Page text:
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I don't find it creepy. I have had a few friends who have had stillbirths or have lost infants who have posted their pictures. I find them incredibly heartbreaking, but not creepy. I would certainly take pictures if we were to lose a baby. I don't know that I would post them to facebook, but I think I would be okay with sharing them if people asked to see them.

Jennifer - posted on 12/15/2011

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My baby was fully formed at 7 1/2 months. We thought about taking pictures, but decided against it. I do have a memory box, but don't think I've ever showed it to anyone. Not even my husband. I don't feel that it was creepy for the Duggars to do this, though. People deal with things differently, and if it helps them get through it, good for them!

Brianna - posted on 12/15/2011

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I think that if u want a picture of your stillborn that is fine but it should be kept private. i have someone on my FB that posted a bunch of pictures of her stillborn daughter and i found it very weird and creepy... i mean i really dont think its acceptable to put that on FB.. Ive had 2 miscarriages and would never but a picture of them on FB

Johnny - posted on 12/15/2011

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Completely acceptable. For me, it would be a very private thing. And a couple of my friends have the memory boxes that Lotus referred to, but I have never seen them. They keep them private. Although I would not be bothered to look. I think for some people it is intensely personal and private, while for others, sharing makes them feel better. Even if the photos are a bit "creepy", it saddens me that people would be negative towards grieving parents remembering their lost child.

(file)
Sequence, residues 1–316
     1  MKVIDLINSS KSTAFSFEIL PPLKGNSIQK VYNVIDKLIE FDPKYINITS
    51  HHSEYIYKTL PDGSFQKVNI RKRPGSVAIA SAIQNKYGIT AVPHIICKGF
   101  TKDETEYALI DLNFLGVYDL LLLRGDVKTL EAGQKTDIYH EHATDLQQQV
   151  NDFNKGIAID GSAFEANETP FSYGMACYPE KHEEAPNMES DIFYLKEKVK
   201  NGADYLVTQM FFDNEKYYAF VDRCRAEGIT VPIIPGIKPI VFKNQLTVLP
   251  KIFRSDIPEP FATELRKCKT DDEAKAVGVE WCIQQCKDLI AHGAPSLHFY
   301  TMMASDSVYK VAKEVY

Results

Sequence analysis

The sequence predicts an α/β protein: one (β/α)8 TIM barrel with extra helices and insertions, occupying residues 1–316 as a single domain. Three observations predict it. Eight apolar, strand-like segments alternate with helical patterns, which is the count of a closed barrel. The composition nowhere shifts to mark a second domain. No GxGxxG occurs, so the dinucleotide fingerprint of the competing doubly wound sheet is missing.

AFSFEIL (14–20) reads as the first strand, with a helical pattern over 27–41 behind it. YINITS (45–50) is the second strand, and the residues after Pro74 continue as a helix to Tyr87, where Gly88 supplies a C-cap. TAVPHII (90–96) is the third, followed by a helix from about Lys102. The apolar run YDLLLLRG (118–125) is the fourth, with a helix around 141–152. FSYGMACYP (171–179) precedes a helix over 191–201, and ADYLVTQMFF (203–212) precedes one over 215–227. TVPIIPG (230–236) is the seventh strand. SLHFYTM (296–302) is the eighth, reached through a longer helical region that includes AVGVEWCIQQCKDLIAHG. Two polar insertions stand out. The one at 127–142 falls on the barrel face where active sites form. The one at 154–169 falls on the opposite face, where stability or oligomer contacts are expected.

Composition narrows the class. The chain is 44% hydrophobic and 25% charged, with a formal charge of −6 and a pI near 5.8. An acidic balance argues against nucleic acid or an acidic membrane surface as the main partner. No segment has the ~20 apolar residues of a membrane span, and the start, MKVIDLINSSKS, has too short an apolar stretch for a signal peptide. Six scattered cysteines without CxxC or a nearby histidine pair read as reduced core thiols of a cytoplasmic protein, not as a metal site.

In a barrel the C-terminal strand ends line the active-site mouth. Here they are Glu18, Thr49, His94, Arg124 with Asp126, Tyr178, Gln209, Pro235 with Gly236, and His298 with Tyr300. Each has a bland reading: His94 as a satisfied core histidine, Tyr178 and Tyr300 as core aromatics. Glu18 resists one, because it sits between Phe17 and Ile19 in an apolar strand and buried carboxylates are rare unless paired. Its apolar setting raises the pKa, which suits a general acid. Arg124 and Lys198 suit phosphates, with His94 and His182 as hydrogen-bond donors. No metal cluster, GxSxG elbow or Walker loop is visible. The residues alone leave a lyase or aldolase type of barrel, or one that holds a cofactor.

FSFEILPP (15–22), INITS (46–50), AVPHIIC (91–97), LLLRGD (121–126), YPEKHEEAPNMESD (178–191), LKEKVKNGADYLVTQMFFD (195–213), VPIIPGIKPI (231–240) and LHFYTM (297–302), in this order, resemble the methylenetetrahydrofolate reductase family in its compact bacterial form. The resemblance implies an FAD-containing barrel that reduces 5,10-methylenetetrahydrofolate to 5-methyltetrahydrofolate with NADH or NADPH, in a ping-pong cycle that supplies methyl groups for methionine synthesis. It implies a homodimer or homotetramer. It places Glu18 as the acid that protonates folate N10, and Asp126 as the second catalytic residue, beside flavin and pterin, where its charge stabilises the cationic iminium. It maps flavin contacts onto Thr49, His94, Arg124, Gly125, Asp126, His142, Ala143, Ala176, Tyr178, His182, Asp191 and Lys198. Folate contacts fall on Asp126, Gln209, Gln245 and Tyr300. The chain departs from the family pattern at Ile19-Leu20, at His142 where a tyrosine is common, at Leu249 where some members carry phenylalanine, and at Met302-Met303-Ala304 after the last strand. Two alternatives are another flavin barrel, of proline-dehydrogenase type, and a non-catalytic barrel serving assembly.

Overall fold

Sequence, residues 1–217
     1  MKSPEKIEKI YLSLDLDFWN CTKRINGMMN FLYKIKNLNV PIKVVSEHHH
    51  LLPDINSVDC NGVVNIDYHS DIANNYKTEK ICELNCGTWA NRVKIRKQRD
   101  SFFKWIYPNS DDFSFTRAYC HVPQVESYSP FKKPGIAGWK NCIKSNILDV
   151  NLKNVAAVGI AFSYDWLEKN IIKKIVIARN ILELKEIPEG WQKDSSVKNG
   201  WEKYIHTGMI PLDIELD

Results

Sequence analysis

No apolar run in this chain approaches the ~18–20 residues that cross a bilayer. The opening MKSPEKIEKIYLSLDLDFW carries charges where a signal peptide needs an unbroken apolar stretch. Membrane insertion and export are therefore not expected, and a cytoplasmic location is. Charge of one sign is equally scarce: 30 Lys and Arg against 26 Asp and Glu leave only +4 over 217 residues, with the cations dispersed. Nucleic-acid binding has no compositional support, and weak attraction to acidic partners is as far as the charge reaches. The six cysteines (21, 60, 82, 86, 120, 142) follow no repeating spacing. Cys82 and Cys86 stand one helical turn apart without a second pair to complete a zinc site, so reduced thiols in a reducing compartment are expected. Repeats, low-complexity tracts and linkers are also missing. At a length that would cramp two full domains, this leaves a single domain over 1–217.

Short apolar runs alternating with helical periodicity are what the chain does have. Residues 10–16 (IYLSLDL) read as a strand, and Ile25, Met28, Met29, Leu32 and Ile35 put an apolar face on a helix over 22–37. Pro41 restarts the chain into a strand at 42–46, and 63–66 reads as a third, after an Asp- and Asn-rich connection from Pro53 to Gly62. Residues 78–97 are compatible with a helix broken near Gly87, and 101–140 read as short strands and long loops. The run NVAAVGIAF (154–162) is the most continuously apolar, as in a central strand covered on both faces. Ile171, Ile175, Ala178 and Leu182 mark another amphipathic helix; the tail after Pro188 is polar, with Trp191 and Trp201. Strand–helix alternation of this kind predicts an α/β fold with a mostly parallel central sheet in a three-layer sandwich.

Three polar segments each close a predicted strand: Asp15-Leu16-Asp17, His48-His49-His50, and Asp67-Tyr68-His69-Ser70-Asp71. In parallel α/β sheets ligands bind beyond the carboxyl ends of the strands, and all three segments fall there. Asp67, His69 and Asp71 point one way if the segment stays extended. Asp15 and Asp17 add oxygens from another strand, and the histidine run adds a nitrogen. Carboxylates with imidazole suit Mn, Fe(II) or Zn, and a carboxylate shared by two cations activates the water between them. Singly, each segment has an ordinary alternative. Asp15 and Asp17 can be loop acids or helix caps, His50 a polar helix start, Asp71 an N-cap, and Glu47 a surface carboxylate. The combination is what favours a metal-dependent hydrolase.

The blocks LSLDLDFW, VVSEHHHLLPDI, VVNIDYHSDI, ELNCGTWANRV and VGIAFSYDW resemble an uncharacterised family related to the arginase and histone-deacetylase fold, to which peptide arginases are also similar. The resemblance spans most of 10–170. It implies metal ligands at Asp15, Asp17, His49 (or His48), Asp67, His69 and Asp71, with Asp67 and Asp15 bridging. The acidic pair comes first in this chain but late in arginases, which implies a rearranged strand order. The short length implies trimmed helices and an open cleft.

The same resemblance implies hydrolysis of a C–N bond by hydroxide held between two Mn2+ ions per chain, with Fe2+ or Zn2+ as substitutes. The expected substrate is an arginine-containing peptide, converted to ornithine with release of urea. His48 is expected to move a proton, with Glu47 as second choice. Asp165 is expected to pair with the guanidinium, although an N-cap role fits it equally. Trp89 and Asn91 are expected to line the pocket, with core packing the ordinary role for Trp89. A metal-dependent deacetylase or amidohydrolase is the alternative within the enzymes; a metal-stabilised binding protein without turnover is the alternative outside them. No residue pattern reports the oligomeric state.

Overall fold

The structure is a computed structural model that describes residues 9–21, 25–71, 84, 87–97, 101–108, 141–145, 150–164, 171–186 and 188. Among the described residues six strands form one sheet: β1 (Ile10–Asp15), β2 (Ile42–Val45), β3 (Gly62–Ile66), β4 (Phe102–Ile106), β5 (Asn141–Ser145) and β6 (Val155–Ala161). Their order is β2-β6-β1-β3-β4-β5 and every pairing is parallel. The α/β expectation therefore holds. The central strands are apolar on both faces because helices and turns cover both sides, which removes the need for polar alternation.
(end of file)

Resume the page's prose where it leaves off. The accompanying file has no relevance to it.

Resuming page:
Charlie - posted on 12/15/2011

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The hospital here gives out beautiful hand painted boxes with a book of all your childs information, weight , finger prints and hand prints and photos of the child.

I have one of our first child Jackson he was 15 weeks old, that is something we keep private because it is quite graphic , fully formed except for the skin which was translucent.
I think for an older gestated child, one that looks like a sleeping baby it would be fine to share but maybe a heads up for those who are not comfortable seeing it.

I think for the duggars it will be something important and special and really it something that helps with the healing process.

There are a few places that specialise in stillborn photography like http://www.nowilaymedowntosleep.org/our_... and the photos are beautiful, sometimes it's one of the only visual reminders you have that they were real.

Iridescent - posted on 12/15/2011

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I find it acceptable, but private. If you find it creepy, don't look. The family needs a way to cope with never having held their child alive, and all they will ever have is a photo.